AK Rifles banner

1 - 20 of 21 Posts

·
Registered
Joined
·
115 Posts
Right now I have carrots, winter onions, and a green patch. Turnips, kale, rape, and mustard. Got the early spring plants going in the greenhouse.
 

·
Registered
Joined
·
6,106 Posts
Garlic was planted last fall, made black garlic with the last of 2020 batch before it gets too soft and sprouts.

Tried my hand at container gardening last year with less than good results and then the deer wiped out what I had transplanted to the garden.

The cabbage did well and I made sauerkraut with most of it. Had a few peppers also.

My neighbor who went big time into raised beds with high amounts of fish emulsion fertilizer did fantastic. They always give me a bunch of their extras for which I am grateful.
 

·
Registered
Joined
·
727 Posts
Garlic was planted last fall, made black garlic with the last of 2020 batch before it gets too soft and sprouts.

Tried my hand at container gardening last year with less than good results and then the deer wiped out what I had transplanted to the garden.

The cabbage did well and I made sauerkraut with most of it. Had a few peppers also.

My neighbor who went big time into raised beds with high amounts of fish emulsion fertilizer did fantastic. They always give me a bunch of their extras for which I am grateful.
i was thinking about box gardens too , might build a couple this year and see how they do
 
  • Like
Reactions: scottyb

·
Registered
Joined
·
110 Posts
I put out a decent size garden. Maybe too big for me as I always struggle with keeping the weeds at bay. Seems every year they take over. That's not to say it's unsuccessful, just doesn't do as well as if I could keep the weeds at out. I usually have a good month run of more squash than we can eat so I give some away. Usually plant about 8 to 10 tomatoes of varying variety but mostly Cherokee Purple. Some okra and some corn, cucumbers and small watermelons. The main thing though and the whole reason I started was to keep the green beans my late grandfather used to plant going. He got the original seed in the 60's and just saved seed and replanted every year. I focus my efforts on the beans and if anything else produces it's just a bonus. We probably average canning 24 jars or so though we've had some bad years where we didn't even get 20 and good years we probably got 30+. This year I'm trying to separate a different strain that has shown up with purple blooms and speckled beans into it's own variety. I've been trying to grow pumpkins for 8 years and something always kills them. I tried to grow habanero's last year but they kept dropping fruit before they got ripe. I think I got 4 peppers from 4 plants. Maybe better luck this year.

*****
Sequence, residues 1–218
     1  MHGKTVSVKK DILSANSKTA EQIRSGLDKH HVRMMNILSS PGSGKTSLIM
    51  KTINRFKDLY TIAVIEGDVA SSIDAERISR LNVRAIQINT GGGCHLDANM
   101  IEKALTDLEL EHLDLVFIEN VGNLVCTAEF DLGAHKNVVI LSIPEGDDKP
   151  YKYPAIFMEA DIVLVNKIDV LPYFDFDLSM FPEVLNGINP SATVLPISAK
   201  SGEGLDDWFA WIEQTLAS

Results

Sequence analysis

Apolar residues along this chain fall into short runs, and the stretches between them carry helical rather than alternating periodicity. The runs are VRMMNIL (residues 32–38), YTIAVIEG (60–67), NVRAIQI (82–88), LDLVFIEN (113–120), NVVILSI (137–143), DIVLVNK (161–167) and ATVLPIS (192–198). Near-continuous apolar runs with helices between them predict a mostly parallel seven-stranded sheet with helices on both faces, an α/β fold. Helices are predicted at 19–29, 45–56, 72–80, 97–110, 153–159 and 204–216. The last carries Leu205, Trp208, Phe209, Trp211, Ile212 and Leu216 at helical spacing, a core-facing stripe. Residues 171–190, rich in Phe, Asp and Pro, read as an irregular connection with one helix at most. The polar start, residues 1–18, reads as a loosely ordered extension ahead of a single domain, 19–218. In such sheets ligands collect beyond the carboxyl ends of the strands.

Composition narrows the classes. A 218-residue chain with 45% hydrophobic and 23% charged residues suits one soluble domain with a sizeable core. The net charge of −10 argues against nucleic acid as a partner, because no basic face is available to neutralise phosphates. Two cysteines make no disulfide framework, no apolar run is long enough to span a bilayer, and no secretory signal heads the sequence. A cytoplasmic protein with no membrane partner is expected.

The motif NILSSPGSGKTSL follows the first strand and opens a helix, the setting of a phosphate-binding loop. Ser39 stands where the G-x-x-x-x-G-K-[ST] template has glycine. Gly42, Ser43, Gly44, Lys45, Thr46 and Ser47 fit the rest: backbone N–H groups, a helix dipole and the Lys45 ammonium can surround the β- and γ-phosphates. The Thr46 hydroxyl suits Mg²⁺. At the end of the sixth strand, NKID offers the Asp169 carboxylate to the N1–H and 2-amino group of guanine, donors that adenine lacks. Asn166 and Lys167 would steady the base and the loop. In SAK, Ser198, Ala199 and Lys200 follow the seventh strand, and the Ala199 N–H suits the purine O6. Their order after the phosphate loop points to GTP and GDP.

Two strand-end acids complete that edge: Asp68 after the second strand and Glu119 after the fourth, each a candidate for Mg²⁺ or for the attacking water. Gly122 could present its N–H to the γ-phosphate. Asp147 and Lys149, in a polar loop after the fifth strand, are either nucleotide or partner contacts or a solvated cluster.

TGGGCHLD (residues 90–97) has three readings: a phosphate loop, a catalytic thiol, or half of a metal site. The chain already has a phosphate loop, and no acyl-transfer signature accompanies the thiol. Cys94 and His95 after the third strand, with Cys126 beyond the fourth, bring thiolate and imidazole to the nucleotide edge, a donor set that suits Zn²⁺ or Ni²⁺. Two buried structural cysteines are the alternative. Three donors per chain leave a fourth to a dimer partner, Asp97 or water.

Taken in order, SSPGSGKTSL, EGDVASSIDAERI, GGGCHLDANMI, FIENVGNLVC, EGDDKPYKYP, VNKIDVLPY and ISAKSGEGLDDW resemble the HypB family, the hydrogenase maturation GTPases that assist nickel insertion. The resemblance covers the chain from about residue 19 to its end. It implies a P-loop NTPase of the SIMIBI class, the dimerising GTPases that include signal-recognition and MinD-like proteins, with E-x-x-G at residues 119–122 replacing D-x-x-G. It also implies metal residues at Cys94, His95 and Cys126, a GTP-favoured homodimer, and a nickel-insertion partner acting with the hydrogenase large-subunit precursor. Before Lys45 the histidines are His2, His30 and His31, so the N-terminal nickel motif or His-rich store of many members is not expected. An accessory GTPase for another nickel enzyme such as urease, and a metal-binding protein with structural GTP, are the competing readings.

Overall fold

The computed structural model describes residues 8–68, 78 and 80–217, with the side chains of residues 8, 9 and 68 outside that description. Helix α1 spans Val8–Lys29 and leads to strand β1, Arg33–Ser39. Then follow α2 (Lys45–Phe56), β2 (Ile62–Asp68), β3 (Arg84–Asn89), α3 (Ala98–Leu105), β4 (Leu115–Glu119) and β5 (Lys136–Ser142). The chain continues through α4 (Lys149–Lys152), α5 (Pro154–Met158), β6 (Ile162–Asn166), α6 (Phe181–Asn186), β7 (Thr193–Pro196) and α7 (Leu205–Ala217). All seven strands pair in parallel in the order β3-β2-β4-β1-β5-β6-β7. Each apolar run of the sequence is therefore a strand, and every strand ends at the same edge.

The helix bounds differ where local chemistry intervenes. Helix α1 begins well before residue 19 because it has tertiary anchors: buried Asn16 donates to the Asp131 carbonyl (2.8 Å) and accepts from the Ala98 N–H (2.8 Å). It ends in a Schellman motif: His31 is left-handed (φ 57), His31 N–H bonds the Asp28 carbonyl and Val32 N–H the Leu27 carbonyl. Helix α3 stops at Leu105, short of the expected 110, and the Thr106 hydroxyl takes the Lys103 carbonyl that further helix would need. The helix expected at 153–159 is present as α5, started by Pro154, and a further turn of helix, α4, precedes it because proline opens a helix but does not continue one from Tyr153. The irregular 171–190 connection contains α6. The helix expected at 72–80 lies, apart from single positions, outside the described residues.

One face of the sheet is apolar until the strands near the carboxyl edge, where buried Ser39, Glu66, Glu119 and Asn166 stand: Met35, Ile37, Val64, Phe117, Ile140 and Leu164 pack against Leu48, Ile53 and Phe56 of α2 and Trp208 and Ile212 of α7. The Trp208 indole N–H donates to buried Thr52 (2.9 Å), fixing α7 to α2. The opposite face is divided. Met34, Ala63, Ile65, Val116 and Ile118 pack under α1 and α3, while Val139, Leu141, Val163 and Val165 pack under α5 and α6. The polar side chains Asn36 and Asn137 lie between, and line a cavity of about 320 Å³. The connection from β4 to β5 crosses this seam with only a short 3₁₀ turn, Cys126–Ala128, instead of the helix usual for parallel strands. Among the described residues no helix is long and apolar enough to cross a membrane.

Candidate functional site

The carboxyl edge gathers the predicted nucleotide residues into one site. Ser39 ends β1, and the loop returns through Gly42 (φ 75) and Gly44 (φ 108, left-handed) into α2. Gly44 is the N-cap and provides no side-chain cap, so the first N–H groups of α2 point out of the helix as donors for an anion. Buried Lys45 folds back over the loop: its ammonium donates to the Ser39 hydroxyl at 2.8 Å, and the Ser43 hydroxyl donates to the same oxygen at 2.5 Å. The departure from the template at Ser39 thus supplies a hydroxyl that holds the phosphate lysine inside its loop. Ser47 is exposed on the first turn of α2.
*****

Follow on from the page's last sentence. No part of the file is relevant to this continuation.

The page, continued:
·
Registered
Joined
·
664 Posts
Be awhile yet there is about 5 ft of snow on my garden spot and it's supposed to be about 12 below zero this weekend. That said it will warm up and I should get started in late april.
 

·
Registered
Joined
·
4,001 Posts
Discussion Starter #7
I needed good soil so I decided to compost. I got started on a bin made of pallets early fall, I piddled away at it adding vegetable matter from cooking, weeds etc. I mostly left it alone for a month and a half and was surprised at my good results.